Have any of your favorite authors written any books that you just didn’t care for? Of course. No author writes a masterpiece every time, and of course, what constitutes a masterpiece is a matter of opinion usually. One of my favorite authors is Barbara Kingsolver, and I will usually buy and/or read anything she writes that I come across, but occasionally it doesn’t interest me much. Not all of Jane Austen’s novels are great, but the worst is the one she didn’t finish, and the version I have, the author who finished it for her wrote a very dull tale. Sometimes an author will write a trilogy or a series of books about the same topic, or set in the same place or with the same characters, but then I decide to read something else he/she has written, and don’t care for it. This happens especially with mystery writers who then write something else. I’m sure there are other examples but I can’t think of them right now.
When it comes books, do you prefer reading fiction or non-fiction? The genre is unimportant. I like both fiction and non-fiction. I actually got on a non-fiction jag for awhile, but non-fiction books often take more time to read so fiction is easier. But you know what they say: Truth can be stranger than fiction!
Also I am in some book groups so I read whatever the book selected is, whether fiction or non-fiction. I like book groups because I get out of my comfort zone and read something different, and often it is wonderful!
My favorite genre is historical fiction, where I can learn about a time and place and at the same time enjoy the story. The only problem is knowing which parts are true and which are not. But usually I don’t care too much.
Frank has some great questions this week for Truthful Tuesday about one of my favorite subjects: books and reading!!
Do you consider yourself an avid reader? Not “avid” but enthusiastic, for sure! (Avid is a woman in one of my book groups who checks out ten books a week and finishes them all! I actually have a life outside reading!) I grew up being encouraged to read, and I read a lot of the books kids, particularly girls, read in those days. But I wasn’t a great reader because it took me a long time to read most books. I avoided classes and majors that required a lot of reading, to my detriment. I now know why: I have ADHD, and get distracted, so if I’m not totally engaged, I will forget what I’ve read by the time I get to the end of a page or am thinking about something else and not what is on the page.
When I was in my early 30s, I resolved to become a better reader, and set a goal for myself of 12 books per year – doable, only one per month, but more than I had been reading. One of the authors that inspired me to read more was Jane Austen, and I read all of her books as well as some “spin-offs” and “fan fiction.” My resolve to read 12 books a year put me on track to read more and regularly. Especially after I retired, I’ve been reading more and more. Now I have an account on Goodreads, which has a reading challenge every year. I set my own goal (which is now 40 books a year) and am conscientious about achieving it! I’m also in two book groups, so I read different types of books.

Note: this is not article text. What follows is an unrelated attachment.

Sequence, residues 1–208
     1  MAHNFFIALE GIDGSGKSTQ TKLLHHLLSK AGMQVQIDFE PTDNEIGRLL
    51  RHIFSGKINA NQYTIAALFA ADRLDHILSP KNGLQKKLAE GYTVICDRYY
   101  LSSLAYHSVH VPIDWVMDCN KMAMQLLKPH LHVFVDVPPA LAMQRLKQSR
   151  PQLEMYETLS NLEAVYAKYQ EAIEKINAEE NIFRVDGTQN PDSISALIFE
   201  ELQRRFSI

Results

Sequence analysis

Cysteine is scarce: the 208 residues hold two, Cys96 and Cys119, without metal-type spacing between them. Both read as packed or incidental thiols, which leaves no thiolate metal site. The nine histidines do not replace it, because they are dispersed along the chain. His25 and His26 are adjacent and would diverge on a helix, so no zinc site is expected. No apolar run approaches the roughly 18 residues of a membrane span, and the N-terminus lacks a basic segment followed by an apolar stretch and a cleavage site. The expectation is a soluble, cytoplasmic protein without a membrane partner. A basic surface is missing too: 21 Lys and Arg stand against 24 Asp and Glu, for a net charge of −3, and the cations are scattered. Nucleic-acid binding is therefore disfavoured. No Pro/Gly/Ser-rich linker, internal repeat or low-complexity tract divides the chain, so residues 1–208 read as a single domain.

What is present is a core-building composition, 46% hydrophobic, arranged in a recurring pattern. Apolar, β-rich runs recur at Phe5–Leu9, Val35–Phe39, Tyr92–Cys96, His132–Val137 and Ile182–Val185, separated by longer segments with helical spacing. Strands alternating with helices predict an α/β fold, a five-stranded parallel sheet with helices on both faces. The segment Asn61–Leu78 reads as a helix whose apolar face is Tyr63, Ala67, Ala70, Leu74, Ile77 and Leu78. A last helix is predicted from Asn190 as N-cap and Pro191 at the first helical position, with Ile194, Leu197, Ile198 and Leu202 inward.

What was the last book you read all the way through, and how long did it take you? Unmarriageable, by Soniah Kamal, picked by a book group I participate in. This book is Pride & Prejudice updated to Pakistan in 2000-2001. Being a Jane Austen fan, I found the story highly entertaining. It took me 4-5 days to read it. If I really love a book, I will spend hours reading, neglecting my blog for days!
Are there any books that, try as you might, you just haven’t been able to bully your way through? I’ve been trying to get through a book of speeches by Ruth Bader Ginsburg. I read a page or two, then go back to another book I’m reading (I often read more than one book at a time) that I enjoy more. I’ve been on page 204 for weeks. I want to finish it, but I don’t know when and if I will.
PC Guy IV poses the following question for his weekly Truthful Tuesday challenge:
Whether it’s soups, stews, or chili, are there certain foods that you consider “winter fare”, only suitable when the temperature dips low enough to turn the furnace on, or do you just eat whatever whenever?
I think it’s natural to prefer certain foods in winter, as opposed to summer, especially living in a climate with cold winters. It’s nice to hunker down with hot chocolate or apple cider to drink, and to choose soups for winter lunches. But I don’t like to give up on summer fare just because it’s winter. Dale went to Costco a couple of weeks ago and looked for Sangria – their brand is our favorite. Finding that they weren’t just out of it, but had actually taken it off the shelves, Dale asked an employee why and was told that “sangria is considered a summer drink.” OK, I can understand that – it conjures up lazy nights at outdoor bars or cafes in Spain following hot summer days – but we like to drink it all year! Apparently we weren’t the only ones to complain because within two weeks it was back in their wine selections!
Ice cream is another one – I do love ice cream in the summer and am more likely to have it in the summer, but if it’s on the menu as the dessert of the day, I will choose it no matter what the season!